Email and Twitter messages give behind the scenes picture of Ottawa sinkhole crisis management

Correspondence from key city officials after the massive sinkhole opened up reveal a scramble to control the situation — and the message.

In mid-morning June 8,  a gigantic sinkhole opened up in the middle of Ottawa‘s busiest shopping district. When I say gigantic, the sinkhole was big enough to swallow a van.

Luckily, no one was injured or killed. But the sinkhole broke gas mains, disrupted electricity to nearby businesses and close down one of the busiest intersections in Ottawa for several weeks. It also flooded the tunnel for auto was new LRT line, which was being bored beneath the location of the sinkhole.

Ottawa Council was sitting at the time of the incident. And you can only imagine what went on behind the scenes as the Mayor and Councillors pressed city staff and emergency workers on the scene for information to respond to news media questions. Well, actually, you can do more than image it. Thanks to the Ottawa Citizen, which filed an Access to Information request for the communications relating to the incident. The City of Ottawa delivered texts from email and twitter. On Friday, the Citizen published the verbatim highlights of the communications between the Mayor, Councillors, staff and contractors. And it makes interesting reading for anyone working in a communications position who have yet to have their first experience in real life crisis communications.

What do these communications show? People doing their jobs, trying to separate conjecture from fact and attempting to provide an honest, but responsible picture for the media and public of what they know and what was happening. Among the highlights:

  • This really was a “near miss.” Two city buses passed over the road only minutes before it collapsed.
  • In a world in which citizens provide witness to remarkable events, it was ironic that one of the first people to post a picture on twitter was a CTV weather announcer. Some days, you’re just in the right place at the right time.
  • Trolls will be trolls. Amidst the otherwise dry exchanges of information are a couple emails best not responded to. One writer copies Ottawa Jim Watson on an email addressed to Ontario’s Premier Kathleen Wynne sarcastically comparing Ottawa’s sinkhole to the province’s Climate Change Action Plan.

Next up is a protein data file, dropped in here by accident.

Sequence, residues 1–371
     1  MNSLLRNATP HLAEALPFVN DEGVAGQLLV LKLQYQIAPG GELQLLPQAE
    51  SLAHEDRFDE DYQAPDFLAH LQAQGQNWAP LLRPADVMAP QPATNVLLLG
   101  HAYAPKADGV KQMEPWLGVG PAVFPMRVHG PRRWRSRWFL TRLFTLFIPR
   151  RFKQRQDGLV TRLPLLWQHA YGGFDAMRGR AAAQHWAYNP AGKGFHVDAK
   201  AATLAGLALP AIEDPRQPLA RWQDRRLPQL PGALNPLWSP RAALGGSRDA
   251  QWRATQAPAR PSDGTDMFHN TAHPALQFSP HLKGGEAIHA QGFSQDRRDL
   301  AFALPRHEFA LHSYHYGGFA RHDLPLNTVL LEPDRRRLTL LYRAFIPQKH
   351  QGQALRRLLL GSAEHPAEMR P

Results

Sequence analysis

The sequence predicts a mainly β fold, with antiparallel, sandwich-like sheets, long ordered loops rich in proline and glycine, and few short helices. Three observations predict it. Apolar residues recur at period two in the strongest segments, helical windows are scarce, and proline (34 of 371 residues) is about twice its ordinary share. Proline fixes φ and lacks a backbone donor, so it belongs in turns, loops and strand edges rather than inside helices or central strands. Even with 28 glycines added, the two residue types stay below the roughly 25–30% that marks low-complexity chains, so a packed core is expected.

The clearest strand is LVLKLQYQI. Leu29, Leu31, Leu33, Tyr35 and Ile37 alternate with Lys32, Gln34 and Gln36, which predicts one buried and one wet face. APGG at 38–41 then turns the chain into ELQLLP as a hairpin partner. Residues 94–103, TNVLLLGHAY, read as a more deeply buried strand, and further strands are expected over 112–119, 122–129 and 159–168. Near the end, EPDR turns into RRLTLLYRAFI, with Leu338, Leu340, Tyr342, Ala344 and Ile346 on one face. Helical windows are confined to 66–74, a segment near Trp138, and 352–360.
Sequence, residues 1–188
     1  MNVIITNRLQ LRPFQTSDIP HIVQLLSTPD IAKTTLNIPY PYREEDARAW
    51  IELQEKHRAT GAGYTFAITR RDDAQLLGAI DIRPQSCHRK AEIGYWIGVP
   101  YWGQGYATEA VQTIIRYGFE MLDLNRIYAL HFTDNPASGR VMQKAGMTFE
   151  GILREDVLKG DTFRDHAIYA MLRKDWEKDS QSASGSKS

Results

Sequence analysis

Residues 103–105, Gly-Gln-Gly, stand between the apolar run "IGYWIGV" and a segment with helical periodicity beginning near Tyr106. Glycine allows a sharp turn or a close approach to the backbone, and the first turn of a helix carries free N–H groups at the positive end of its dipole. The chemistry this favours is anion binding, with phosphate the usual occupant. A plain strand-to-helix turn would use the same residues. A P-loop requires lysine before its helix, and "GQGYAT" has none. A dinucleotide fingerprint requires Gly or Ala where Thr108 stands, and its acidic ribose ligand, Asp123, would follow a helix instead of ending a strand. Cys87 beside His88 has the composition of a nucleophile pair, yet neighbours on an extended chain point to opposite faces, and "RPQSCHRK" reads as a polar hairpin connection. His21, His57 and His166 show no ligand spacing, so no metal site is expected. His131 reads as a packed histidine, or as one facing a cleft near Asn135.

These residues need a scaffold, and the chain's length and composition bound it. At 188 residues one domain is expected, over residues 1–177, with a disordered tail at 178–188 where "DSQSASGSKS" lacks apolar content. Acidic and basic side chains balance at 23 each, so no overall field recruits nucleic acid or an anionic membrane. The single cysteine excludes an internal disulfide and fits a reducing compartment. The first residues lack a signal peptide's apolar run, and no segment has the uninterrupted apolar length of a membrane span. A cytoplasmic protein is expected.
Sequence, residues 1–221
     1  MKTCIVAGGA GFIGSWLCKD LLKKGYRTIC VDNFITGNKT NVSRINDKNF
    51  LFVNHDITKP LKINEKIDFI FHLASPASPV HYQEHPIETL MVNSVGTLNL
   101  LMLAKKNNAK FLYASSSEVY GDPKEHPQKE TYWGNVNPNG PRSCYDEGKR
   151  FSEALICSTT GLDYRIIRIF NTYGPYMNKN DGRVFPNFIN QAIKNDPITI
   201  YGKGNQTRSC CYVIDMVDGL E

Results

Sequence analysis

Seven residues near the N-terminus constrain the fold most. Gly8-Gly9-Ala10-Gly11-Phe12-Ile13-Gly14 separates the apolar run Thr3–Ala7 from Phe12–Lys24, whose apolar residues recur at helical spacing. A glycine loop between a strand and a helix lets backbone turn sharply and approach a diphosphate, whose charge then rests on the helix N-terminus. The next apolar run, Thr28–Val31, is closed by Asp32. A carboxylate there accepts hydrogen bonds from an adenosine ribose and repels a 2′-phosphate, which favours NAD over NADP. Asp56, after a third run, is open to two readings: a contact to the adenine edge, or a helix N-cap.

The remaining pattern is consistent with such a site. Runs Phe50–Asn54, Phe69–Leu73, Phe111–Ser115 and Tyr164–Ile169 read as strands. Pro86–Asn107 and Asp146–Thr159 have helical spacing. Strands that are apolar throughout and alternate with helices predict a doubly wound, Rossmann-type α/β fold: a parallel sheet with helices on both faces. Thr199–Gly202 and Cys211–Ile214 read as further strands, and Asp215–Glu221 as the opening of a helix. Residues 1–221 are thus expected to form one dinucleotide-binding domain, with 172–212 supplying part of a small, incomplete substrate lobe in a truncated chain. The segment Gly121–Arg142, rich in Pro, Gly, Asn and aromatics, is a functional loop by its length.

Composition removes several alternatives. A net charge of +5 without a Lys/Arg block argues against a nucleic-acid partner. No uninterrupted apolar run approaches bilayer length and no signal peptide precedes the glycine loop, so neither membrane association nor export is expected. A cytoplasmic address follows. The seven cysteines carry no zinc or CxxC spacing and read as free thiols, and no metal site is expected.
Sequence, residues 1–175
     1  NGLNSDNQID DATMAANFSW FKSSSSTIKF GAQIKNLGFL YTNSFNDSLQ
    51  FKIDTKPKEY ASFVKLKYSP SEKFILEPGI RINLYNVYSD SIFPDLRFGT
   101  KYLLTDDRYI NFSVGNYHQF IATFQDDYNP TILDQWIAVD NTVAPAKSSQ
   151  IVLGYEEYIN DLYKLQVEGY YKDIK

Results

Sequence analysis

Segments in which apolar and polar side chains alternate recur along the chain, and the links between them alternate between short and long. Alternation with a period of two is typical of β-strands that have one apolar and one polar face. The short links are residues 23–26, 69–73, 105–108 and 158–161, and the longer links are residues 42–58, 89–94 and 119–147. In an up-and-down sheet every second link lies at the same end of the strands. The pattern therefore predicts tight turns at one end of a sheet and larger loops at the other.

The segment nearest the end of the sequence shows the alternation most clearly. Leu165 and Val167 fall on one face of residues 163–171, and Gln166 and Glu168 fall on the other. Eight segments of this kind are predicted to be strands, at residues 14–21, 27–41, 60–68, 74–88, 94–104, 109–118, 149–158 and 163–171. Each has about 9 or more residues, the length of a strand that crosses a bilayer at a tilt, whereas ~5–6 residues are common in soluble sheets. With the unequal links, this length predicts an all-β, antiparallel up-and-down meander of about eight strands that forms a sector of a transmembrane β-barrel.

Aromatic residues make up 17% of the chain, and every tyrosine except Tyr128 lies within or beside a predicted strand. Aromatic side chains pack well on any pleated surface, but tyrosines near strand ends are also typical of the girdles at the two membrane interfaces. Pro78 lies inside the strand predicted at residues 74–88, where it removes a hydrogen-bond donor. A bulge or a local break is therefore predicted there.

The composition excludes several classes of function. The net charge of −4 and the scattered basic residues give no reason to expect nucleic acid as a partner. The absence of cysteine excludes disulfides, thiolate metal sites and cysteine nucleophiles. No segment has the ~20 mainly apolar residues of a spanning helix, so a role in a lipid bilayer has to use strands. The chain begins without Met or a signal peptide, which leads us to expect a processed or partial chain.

• In the midst of things, you just have to find a moment to smile. One city staffer found humorous relief forwarding an article in The Beaverton that attributed the sinkhole to the weight of people waiting in line to use the bathroom at a nearby McDonald’s.

Bottom line: the emails give a good picture of a system working as it should. Contractors and staff getting to the bottom of things and working to fix them. Politicians responding to the public and media. A classic case of finding focus in chaos.

Source: Emails from city officials show chaos after Ottawa sinkhole opened

Inside PR 446: Let’s talk about podcasting on the verge

Is podcasting on the verge of tipping from a creator-driven medium to an advertiser-driven channel? UNU predicts the trends. Microsoft gets LinkedIn. And crises bring out the best in both social and mainstream media. Gini Dietrich, Martin Waxman and Joseph Thornley tackle these topics and more in this week’s Inside PR podcast.


Midroll acquires Stitcher

A big deal by podcasting standards. Podcast advertising broker Midroll has acquired Stitcher. I think that independent podcasters have reason to worry that, if successful, Midroll/Stitcher will do to podcasting what Facebook did to the open Web. Martin and Gini are still making up their minds about this. Whatever your view, if you care about podcasting, this is an #IPRMustKnow.

Who knew UNU?

UNU is a site that uses the wisdom of the crowd to answer questions and predict trends. Very 2008.

Microsoft acquires LinkedIn

The news that Microsoft is acquiring LinkedIn broke just before we recorded this episode. So here you get our first impressions of the potential benefits and downsides of Microsoft’s integration of LinkedIn with its Office suite.

Crisis brings out the best in us

Finally, in the wake of the Orlando shootings, we reflect on the current state of crisis communications, how news flows through social media and the important role of mainstream media to establish context, discern authoritative, credible witness testimony and curate the reports from social media.


This article is cross-posted on Inside PR.